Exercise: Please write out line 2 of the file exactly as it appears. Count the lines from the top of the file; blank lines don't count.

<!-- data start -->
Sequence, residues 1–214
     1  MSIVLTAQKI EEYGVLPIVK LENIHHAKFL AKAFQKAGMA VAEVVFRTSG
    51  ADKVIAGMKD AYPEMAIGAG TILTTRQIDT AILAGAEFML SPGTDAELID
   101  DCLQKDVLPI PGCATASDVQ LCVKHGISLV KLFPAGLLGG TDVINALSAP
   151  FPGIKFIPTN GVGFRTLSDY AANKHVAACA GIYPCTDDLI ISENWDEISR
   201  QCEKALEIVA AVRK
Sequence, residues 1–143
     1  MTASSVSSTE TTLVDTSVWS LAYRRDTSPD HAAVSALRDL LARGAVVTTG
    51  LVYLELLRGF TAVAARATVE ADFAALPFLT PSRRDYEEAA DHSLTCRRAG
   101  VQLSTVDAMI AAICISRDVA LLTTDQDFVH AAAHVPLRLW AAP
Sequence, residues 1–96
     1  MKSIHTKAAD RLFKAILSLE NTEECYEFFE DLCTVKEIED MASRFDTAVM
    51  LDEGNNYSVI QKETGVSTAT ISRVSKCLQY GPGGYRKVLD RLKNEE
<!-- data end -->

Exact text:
     1  MSIVLTAQKI EEYGVLPIVK LENIHHAKFL AKAFQKAGMA VAEVVFRTSG